Amazon Highway

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It's a blazing hot June afternoon alongside the Amazon Highway, a two-lane line of blacktop bisecting the sun-bleached land between Ji-Parana and Cacoal in central Brazil. The Google Earth Outreach (GEO) team is here with the Amazon Conservation Team (ACT) of Brazil to host a series of workshops for the Surui, a local indigenous tribe. We've spent an hour driving through a grim terrain of subsistence farms, sagging power lines and sere fields stretching to the horizon. Just a few decades ago, this was all old-growth rain forest.

ACT Brazil director Vasco van Roosmalen has been recounting how the imperiled Brazilian rain forest disappeared. In the 1960s, prospectors started hacking dirt roads through the dense growth (today, you can find the newest of these roads using Google Earth). Once the loggers got their equipment in, they clear-cut the forest, trucked out the good timber, burned the rest down to dirt, and then paved the roads so the farmers could bring in cattle and soybeans. And with paved roads and organized agriculture came, well, everything else that is modern civilization. "The whole process is pretty much uncontrolled," Vasco says as we approach our hotel. "The market moves much faster than the government."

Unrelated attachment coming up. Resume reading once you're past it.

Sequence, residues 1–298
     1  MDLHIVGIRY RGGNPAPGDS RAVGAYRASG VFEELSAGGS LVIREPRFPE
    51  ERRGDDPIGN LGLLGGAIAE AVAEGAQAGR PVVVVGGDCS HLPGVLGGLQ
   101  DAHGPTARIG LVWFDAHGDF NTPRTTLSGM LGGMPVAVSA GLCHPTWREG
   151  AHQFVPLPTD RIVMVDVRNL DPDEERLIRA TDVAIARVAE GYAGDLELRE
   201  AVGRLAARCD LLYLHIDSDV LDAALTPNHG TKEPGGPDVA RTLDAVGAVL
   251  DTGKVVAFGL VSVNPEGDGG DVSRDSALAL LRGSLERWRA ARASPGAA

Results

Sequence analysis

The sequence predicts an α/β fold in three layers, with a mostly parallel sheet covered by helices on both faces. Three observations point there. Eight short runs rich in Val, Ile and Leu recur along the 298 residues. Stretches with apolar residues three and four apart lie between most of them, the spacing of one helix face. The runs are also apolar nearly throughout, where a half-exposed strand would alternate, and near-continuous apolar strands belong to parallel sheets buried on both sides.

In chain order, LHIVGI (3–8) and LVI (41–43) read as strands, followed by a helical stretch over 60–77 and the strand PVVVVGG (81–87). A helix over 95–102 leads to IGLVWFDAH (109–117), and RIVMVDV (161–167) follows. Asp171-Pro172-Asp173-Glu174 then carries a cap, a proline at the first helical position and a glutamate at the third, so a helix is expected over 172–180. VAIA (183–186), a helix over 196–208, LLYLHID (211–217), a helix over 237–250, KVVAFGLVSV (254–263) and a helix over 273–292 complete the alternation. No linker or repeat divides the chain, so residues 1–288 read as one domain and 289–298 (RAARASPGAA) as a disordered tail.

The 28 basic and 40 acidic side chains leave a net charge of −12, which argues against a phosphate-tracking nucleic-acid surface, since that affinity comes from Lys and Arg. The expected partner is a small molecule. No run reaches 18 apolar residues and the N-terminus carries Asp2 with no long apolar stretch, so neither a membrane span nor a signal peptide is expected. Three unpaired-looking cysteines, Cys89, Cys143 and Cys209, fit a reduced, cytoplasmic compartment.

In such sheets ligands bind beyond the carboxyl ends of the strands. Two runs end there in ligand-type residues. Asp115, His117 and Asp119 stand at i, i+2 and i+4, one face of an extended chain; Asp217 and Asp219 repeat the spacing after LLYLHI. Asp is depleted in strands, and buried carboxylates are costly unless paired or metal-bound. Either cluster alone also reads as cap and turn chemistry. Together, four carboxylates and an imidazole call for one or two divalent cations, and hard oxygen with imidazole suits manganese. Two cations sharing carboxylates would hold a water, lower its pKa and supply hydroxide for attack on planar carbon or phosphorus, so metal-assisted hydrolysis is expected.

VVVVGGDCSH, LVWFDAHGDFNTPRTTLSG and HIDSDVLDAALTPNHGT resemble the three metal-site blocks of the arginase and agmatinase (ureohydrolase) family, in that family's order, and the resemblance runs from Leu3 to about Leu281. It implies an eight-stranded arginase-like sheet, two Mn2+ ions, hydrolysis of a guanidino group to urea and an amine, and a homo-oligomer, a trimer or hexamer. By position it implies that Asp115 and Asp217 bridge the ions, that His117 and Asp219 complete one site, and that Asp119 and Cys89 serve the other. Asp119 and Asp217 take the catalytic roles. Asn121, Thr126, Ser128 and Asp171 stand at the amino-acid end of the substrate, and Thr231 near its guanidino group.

That's been bad news for the Surui, who for millennia lived a traditional existence in a huge virgin tract of forest. Since their first contact with the modern world in 1969, disease and environmental destruction have shrunk their numbers from 5,000 to perhaps 1,200 people living in a string of villages along the edges of their last 600,000 acres

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a 360° view of the Amazon Highway
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